Anonymous
Anonymous asked in Computers & InternetProgramming & Design · 1 month ago

What would I have to do to get a job as a Software Engineer?

-I have a B.S. in Computer Science.

-I was a pretty average student in college. I got mostly B's in everything

-I've been out of college for about 2 years. I have a job as an Application Support Analyst

-I don't really have any work experience related to coding besides using SQL queries 

-I've been interviewed for I'd say about 100 Entry Level Software Developer positions and have never received an offer.

-My coding skills are somewhat poor. For example, on Leetcode.com, I probably wouldn't be able to answer any questions that are Medium difficulty or harder. I can look up the solution and understand it, but I wouldn't be able to come up with it.

Is it about just practicing on my own, building my own projects, getting work experience somehow, getting a Master's, or something else?

4 Answers

Relevance
  • Scott
    Lv 6
    1 month ago
    Favorite Answer

    Most students who start a computer science degree end up dropping out or changing to an easier major.  So the fact that you completed your program is a significant accomplishment.  As you know, computer science programs don’t really teach you how to code. You need to learn that on your own or through internships.

  • 1 month ago

    If you want to learn, starting from the easiest level at a practice site and working your way up is a better idea than worrying about things you can't solve yet.

    I wasn't impressed with LeetCode for that purpose, by the way.  HackerRank, CodinGame and GeeksForGeeks all tend to have better problem descriptions and diagnostics when something goes wrong than the few examples I saw at LeetCode.  That may be just me, though.  Find something that you can have some fun with and get some practice in.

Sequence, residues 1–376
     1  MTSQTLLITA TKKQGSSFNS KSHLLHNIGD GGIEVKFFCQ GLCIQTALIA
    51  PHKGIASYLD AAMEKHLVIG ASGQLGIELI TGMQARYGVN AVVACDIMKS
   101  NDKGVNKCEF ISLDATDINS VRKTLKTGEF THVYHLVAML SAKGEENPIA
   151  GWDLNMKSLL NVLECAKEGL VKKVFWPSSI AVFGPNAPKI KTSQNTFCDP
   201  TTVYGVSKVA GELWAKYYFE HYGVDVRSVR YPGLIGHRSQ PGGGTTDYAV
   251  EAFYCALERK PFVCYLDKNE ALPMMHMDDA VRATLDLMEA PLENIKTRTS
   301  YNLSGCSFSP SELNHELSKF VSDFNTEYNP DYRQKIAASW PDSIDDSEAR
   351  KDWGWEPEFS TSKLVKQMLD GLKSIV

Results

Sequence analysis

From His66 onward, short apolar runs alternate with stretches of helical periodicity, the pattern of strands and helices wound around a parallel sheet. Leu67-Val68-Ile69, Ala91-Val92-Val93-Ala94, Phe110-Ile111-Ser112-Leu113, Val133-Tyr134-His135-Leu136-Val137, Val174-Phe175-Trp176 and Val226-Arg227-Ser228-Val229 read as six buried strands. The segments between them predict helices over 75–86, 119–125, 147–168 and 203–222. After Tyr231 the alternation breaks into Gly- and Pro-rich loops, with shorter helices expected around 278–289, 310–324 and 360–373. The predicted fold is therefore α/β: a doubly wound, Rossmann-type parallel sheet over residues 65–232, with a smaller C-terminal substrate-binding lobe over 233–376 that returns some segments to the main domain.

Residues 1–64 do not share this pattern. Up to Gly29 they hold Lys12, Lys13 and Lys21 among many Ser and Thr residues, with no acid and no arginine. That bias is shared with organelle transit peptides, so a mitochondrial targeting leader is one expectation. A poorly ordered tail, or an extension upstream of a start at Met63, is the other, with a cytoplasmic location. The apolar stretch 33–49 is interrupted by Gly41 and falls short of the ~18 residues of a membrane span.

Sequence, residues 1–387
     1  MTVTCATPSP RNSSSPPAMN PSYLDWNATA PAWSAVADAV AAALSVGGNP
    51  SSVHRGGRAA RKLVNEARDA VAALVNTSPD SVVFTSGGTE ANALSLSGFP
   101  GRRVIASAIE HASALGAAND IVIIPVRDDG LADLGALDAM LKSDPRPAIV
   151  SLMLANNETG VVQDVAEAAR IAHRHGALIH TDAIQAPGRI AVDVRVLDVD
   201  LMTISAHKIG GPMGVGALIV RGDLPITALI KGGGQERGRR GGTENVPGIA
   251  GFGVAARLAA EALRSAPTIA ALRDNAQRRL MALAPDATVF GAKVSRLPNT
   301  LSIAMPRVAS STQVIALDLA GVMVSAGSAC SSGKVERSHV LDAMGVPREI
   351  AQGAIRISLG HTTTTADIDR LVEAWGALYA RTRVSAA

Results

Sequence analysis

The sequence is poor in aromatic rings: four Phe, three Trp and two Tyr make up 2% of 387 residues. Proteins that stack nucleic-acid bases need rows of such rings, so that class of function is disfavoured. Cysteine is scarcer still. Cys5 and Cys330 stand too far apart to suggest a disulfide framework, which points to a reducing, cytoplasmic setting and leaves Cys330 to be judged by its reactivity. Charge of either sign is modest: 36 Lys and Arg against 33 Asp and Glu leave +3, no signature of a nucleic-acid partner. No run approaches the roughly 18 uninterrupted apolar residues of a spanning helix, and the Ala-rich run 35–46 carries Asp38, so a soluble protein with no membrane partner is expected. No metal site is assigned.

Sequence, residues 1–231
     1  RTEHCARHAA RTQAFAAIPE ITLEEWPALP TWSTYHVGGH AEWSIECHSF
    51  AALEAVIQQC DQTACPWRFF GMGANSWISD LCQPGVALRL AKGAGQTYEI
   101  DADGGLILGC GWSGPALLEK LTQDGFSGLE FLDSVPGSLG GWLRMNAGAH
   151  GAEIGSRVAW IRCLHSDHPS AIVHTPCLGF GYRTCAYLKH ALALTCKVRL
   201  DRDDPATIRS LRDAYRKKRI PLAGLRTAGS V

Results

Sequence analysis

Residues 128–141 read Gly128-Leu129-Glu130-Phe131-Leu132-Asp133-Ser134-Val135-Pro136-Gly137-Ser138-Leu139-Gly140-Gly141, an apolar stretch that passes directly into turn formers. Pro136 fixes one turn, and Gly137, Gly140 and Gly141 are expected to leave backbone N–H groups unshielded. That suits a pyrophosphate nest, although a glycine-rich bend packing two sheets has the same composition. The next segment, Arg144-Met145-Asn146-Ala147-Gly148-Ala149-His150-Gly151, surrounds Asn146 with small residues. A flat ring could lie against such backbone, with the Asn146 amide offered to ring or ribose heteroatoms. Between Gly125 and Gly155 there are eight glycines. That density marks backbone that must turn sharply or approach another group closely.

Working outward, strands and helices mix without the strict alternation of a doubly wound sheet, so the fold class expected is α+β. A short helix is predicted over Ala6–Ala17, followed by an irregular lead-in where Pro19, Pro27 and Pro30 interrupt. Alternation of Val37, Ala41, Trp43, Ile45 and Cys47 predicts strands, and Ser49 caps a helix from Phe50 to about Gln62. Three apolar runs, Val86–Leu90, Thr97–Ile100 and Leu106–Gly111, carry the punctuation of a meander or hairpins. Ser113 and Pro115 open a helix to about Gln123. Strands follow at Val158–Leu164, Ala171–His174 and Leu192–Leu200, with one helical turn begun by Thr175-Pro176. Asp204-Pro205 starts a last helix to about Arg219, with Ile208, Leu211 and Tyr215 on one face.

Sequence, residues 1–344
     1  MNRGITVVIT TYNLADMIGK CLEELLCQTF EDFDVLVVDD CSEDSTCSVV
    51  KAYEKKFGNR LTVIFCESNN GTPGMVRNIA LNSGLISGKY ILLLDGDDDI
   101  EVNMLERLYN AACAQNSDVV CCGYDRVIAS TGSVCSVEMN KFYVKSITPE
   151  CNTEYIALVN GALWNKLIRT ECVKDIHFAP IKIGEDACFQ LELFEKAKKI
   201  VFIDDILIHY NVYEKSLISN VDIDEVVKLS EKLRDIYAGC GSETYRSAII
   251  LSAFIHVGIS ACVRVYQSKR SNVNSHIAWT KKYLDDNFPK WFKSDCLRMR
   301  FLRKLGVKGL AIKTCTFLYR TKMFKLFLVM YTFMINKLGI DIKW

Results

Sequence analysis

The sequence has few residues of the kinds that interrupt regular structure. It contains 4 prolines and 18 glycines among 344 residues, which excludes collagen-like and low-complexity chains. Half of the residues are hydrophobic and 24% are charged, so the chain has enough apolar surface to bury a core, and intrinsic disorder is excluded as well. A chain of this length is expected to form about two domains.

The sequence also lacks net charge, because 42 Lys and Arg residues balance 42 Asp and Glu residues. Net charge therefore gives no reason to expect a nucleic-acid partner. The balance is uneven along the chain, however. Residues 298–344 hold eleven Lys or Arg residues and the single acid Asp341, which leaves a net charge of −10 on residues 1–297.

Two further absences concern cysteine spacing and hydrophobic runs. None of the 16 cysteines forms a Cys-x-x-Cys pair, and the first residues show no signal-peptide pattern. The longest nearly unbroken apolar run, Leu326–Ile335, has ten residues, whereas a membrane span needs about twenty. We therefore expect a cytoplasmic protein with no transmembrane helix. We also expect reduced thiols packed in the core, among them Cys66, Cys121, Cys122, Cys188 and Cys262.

The problems that you find hard (or impossible) will ultimately be your best guide to what you need to work on, but I wouldn't recommend  that until you have some practice at seeing a problem and visualizing a solution in code.  Block out some daily time for coding, and keep to the schedule as best you can.  As you go along, pay attention to your progress, certainly, but also to how you feel.  Because...

    The thing I find odd, though, is that you made it through 4 years of higher education in the field and haven't picked this up before.  If someone has to tell you to put in an hour or two per day coding for fun (I hope) and self-improvement, then what's life going to be like when that's 8 hours per day with someone else deciding what you work on?

  • 1 month ago

    You're aiming for a coding position, so a master's won't help. You might try a community college course on becoming a server administrator.

  • EddieJ
    Lv 7
    1 month ago

    You have a job as an Application Support Analyst.

Still have questions? Get your answers by asking now.